I hope the word-of-mouth is toxic enough to sink any hope of a sixth movie at the box office. Just terrible.

Dana Caldone
Dana Caldone
reply to  Matt Clayton
Fri, Feb 15, 2013 11:47pm

i’d say opening weekend will be very interesting to observe the numbers cause i expect a “pearl harbor” drop off sometime soon.

bzero
Fri, Feb 15, 2013 4:28am

Oh, goodness. When I read the title, I *really* expected this to be a parody. I guess in some ways it unintentionally is.

Dana Caldone
Dana Caldone
reply to  bzero
Fri, Feb 15, 2013 4:38am

I’ve red 25 reviews on RT since this morning and i have to say. I’ve never seen reviews this bad for an episode in a franchise of this caliber before. Even “attack of the clones” was better received(and that movie was lousy). this must be an epic fail. Cause critics are savaging this movie like a pack of wild animals. this reviewer ain’t lying. everyone’s saying the – exact same things.

From a fan who thinks the original is the pinnacle of action excellence i knew this day would eventually come. you hang around long enough and you’ll see the mighty fall. Mark your calender. this looks like the day Die Hard kicked the bucket. and went out like a sucker.

… 25 years was a nice run… Although there was a 12 year gap at one point.

MaryAnn Johanson
reply to  Dana Caldone
Fri, Feb 15, 2013 11:36am

The first *Die Hard* is probably the best action movie ever. For it to come to this is a cryin’ shame.

RogerBW
RogerBW
Fri, Feb 15, 2013 10:41am

Again, darn – I wasn’t expecting much of this, and it seems to have delivered. Bourne is now, I guess, the strange attractor of decaying action franchises…

PJK
PJK
Fri, Feb 15, 2013 2:07pm

I had my fears when I saw that the running time was 1 hour and 37 minutes. This kind of running time in a big box office action movie usually means that they’ve squeezed out all the non-action elements and made it into a wall to wall orgy of gunfire/explosions/car chases etc.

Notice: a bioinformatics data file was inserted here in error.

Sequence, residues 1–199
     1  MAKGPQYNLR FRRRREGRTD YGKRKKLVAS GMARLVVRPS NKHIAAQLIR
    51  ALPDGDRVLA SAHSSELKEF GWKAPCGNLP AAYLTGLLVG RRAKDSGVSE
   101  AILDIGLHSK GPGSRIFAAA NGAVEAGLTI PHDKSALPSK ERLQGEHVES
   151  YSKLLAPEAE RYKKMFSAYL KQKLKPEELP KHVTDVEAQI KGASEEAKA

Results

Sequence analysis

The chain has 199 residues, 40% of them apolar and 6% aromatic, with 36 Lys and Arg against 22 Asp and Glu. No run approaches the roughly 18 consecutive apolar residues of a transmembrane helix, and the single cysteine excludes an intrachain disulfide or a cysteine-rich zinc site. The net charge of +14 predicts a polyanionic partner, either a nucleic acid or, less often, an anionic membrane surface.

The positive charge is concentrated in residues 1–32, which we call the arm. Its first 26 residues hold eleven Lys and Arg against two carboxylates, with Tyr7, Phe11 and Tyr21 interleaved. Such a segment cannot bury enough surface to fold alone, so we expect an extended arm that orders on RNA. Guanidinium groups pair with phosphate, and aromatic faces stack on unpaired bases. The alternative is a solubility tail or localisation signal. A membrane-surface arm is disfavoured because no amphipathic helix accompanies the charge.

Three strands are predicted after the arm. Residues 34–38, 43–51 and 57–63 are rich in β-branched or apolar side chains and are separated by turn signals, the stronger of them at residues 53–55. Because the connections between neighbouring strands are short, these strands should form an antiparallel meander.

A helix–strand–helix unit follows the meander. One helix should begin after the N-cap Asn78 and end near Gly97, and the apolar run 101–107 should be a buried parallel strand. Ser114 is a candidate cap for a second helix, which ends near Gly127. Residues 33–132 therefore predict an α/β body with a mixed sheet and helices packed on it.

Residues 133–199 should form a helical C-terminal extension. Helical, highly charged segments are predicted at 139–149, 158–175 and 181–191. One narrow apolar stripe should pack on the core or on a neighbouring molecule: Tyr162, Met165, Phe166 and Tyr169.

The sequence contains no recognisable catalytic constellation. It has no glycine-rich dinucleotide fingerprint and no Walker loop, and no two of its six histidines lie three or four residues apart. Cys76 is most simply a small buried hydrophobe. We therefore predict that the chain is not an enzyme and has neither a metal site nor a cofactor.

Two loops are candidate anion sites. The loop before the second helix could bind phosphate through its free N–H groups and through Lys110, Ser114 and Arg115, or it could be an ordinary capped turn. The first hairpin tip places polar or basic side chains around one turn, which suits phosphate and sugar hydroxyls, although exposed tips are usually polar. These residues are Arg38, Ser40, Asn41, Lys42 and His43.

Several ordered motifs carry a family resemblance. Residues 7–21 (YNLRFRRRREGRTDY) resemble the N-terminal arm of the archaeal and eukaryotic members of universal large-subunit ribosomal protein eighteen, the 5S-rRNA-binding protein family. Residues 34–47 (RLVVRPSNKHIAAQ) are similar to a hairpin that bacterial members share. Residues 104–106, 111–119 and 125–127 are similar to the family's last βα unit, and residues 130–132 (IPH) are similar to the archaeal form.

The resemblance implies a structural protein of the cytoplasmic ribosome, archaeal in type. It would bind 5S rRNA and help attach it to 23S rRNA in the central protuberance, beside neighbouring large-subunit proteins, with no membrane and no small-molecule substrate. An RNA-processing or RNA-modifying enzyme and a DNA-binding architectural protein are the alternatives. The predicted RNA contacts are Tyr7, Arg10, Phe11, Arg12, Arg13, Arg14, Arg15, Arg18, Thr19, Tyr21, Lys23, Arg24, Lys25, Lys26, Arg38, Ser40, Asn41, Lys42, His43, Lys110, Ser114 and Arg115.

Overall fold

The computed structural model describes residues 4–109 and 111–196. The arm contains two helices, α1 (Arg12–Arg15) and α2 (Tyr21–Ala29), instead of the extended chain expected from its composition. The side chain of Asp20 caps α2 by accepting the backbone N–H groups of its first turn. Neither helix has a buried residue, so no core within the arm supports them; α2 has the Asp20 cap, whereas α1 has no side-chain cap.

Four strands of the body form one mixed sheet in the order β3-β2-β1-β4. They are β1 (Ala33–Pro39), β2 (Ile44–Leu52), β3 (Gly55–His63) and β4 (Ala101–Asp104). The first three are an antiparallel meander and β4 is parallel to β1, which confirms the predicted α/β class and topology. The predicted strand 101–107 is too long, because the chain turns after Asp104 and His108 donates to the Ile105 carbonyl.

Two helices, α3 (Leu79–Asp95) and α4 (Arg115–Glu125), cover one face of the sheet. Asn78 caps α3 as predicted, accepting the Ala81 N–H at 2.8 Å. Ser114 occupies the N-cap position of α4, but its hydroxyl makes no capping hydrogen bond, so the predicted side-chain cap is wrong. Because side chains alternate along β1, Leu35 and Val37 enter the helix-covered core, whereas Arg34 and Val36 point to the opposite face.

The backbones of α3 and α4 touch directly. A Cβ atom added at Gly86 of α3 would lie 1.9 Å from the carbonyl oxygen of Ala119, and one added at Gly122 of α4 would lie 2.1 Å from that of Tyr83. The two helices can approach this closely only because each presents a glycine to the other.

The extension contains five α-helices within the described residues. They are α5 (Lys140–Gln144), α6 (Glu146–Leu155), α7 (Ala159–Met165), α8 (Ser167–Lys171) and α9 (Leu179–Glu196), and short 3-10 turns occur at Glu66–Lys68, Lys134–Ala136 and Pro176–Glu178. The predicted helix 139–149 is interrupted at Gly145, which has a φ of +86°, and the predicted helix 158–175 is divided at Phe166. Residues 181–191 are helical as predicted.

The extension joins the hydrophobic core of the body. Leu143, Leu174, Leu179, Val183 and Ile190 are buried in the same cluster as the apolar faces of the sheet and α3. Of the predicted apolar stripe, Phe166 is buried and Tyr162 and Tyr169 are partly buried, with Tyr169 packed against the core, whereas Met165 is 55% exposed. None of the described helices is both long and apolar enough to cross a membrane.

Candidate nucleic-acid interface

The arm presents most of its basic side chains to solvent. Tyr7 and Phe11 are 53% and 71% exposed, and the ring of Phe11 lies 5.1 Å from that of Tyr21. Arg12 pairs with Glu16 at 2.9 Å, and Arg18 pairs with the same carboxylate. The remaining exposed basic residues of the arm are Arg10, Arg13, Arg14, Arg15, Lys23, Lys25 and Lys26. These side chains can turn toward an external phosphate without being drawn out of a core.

While I have nothing per se against gunfire/explosions/car chases etc in action movies, I do like them to contain something more, like for instance character development or decent plotting, you know just to make the movie more interesting.

Ah well, maybe we’ll get something more interesting during the rest of the year.

Dana Caldone
Dana Caldone
reply to  PJK
Fri, Feb 15, 2013 11:41pm

When i found out this movie was being released in February i knew too. Die Hard is in the neighborhood of jaws(the original). The ultimate summer movie. The strange thing is they made good money with “Live free,” why they decided to reduce the time and go cheap is bizarre.

Matt Clayton
reply to  Dana Caldone
Thu, Feb 21, 2013 5:21am

I think Fox wanted to see how the movie would do in a ‘dead’ month — and they probably thought they landed a great spot when “Safe House” cleaned up in the same spot last year.

Had the movie been good, the release date wouldn’t have mattered.

RogerBW
RogerBW
reply to  Matt Clayton
Thu, Feb 21, 2013 9:50am

It must be tricky as an exec, knowing that you have to keep the release pipeline full but sometimes only having garbage to fill it with…

Jonathan Roth
Tue, Feb 19, 2013 7:55am

Thanks to the warning, I convinced my brother and his wife to see Silver Linings Playbook instead. A good time was had by all. :)

mdm
mdm
Mon, Feb 25, 2013 7:43am

I actually saw an interesting theory in reaction to this movie: that it was, in fact, a non-Die Hard movie that was a script by a producer’s son or whatever and then someone in the company realized, “Oh god, this is complete shit and we will lose all of the monies.” So they scrambled to rebrand it as Die Hard, did Find->Replace for names and added a line of dialogue and back-reference or two, banking (ahem) on opening weekend to at least break even.

It is disgusting and terrifying how plausible I find this.